Step 5: Go down your excel list every week. I prefer to manually load all of the correct websites, rather than rely on email notifications. Every time you see a job that might fulfill steps 1 and 2, tailor your template resume for that job, by adding keywords and adjusting your achievements to closely match the job posting. Submit the application, and pat yourself on the back!

Step 6: Repeat every week as often as you can stand. If nothing comes up, well, that's the waiting game. Maybe most of the companies only hire in July, and that's when you need to refresh the page. If you don't get a job with this method in a year, then you need to re-evaluate your choices in step 1 and 2 - maybe there just aren't any candy bar designer/accountant jobs in the upper peninsula of Michigan.

The above process can take a long time and be very demotivating. It's not false that you should expect to wait a full year for non-entry level job hunting. When you get that offer, though, no matter how desperate you are, don't forget to negotiate for 10% more salary and a few extra vacation days or signing bonus.
posted by bbqturtle at 9:07 AM on November 18, 2020 [9 favorites]

You might also look at careers that are adjacent to your current position, and look there. There is a great deal of online learning / educational software in use and being sold today, and your educational experience is a benefit there. It may not be the largest step, but it is a step away, and I know adjuncts who have had success in doing this to working in support / sales / grant writing for items like this.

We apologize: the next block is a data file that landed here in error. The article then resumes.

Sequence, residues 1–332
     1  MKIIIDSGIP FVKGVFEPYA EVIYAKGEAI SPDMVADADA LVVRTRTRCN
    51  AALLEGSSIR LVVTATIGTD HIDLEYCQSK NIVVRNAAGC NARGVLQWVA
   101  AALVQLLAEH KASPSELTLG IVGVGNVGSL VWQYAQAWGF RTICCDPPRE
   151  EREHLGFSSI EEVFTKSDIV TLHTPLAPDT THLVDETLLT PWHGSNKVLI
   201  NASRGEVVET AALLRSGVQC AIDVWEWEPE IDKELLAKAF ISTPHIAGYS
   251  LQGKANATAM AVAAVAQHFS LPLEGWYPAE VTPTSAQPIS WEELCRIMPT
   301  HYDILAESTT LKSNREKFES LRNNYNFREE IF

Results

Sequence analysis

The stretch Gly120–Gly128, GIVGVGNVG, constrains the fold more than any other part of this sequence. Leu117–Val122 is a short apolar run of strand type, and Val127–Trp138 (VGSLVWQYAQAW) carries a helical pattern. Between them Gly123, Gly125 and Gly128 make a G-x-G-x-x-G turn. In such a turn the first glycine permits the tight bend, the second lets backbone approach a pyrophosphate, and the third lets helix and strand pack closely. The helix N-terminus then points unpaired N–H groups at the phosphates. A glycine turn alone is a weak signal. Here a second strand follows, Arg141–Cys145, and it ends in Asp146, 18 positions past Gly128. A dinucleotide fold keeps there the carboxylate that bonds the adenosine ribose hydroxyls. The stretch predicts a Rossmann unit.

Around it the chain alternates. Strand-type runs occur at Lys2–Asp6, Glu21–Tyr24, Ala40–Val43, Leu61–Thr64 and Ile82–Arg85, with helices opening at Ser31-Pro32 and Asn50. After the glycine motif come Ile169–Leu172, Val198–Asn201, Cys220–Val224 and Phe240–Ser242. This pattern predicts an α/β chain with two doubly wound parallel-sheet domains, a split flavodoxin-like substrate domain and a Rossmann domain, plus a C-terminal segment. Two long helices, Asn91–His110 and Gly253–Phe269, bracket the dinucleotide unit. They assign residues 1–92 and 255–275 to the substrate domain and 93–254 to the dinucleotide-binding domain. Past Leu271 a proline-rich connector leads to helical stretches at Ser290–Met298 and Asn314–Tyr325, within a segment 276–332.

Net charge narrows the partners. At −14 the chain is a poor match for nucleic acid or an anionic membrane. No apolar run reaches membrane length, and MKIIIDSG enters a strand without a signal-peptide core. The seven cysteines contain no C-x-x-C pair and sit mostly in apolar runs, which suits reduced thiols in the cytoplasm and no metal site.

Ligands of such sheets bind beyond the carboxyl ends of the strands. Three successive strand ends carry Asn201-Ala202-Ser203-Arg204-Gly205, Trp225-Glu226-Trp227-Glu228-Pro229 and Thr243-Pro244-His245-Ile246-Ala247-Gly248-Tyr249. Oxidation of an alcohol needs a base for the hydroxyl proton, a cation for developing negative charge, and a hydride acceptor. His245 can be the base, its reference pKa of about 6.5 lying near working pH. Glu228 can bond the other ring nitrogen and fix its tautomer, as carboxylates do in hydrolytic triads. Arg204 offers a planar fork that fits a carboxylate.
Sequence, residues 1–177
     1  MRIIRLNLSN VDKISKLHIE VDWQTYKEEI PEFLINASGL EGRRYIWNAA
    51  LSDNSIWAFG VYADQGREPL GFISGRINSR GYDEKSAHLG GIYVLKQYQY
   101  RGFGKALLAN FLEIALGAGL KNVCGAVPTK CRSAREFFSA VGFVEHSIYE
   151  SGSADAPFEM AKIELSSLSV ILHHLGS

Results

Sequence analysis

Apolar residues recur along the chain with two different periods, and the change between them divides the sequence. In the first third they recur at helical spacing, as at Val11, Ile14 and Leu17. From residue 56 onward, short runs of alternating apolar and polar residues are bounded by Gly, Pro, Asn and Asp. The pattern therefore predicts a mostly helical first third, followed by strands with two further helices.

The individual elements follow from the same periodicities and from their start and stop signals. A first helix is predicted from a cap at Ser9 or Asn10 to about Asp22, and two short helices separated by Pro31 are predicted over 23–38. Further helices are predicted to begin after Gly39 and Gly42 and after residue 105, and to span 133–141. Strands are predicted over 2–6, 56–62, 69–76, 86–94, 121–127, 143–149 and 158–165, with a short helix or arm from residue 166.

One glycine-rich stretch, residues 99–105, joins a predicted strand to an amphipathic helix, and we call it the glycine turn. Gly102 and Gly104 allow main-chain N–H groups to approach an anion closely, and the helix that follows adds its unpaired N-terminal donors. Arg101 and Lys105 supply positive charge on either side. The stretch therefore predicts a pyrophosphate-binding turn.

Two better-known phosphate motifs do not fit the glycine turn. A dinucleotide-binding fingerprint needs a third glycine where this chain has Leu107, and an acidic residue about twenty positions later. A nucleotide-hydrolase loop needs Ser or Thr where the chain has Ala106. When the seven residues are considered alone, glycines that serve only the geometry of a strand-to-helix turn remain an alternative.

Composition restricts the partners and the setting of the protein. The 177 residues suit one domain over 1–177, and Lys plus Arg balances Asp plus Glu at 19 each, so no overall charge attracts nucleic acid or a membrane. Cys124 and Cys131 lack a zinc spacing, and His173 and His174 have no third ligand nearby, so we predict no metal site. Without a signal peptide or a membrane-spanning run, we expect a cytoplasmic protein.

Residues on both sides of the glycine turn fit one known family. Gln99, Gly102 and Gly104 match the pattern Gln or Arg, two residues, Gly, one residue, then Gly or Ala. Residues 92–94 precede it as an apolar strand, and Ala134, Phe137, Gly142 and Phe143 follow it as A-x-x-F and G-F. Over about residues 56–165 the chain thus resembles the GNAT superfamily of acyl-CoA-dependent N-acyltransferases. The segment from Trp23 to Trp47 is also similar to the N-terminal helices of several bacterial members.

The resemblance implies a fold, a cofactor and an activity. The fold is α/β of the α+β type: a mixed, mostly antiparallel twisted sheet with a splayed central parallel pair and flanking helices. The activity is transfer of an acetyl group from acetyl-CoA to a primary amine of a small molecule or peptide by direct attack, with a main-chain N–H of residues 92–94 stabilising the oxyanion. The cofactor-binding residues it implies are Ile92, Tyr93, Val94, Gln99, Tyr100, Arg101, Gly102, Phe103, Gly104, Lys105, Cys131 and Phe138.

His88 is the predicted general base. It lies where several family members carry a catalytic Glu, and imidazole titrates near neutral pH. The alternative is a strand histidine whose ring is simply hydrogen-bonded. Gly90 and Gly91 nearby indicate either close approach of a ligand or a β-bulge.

posted by nickggully at 9:13 AM on November 18, 2020 [1 favorite]

Also, even if your network is not in the field you want to move into, don't write off networking. People know other people and they like to be helpful. If you ask them "hey I'm interested in moving into this field do you know of any openings or people I could talk to" they will have relatives, friends, or colleagues who moved out of academia that may be able to help you. It feels a bit unnatural but it gives you a different channel to looking through the boards.
posted by crocomancer at 9:30 AM on November 18, 2020 [3 favorites]

The Department of Labor has a site for job exploring here: https://www.onetonline.org. You can start on the 'Find Occupations' section and browse jobs by zone, industry, keyword or interests. This type of search can take a while so a little patience will help. Good luck!
posted by cowlick at 9:35 AM on November 18, 2020

I like this old MathBabe blog post about how to figure out what skills correspond to what jobs. The precise system might not work for you, but I think it does a nice job of explaining how researching what jobs even exist fits into a broader job search.
posted by yarntheory at 9:56 AM on November 18, 2020

One way would be pretty passive: do as much as you can to make your resume eye-catching (by which I guess I mean key words, since it isn't actual human eyes) and put it on Indeed and see what comes to you. I recently did this and have gotten a steady stream of recruiters emailing me, some with jobs of interest and some with stuff where I'm like "how on earth did THIS match get made? I did this as a casual "maybe I could find a job I like better than my current job" thing and just the same did several phone interviews, so I'm thinking if someone were more motivated and active about it, it could be pretty fruitful.

If you have the money, having a professional polish your resume could be helpful for this.

(You may also want a LinkedIn account if you don't have one. They are beyond useless in my field but my understanding is they're not elsewhere.)
posted by less of course at 9:58 AM on November 18, 2020 [1 favorite]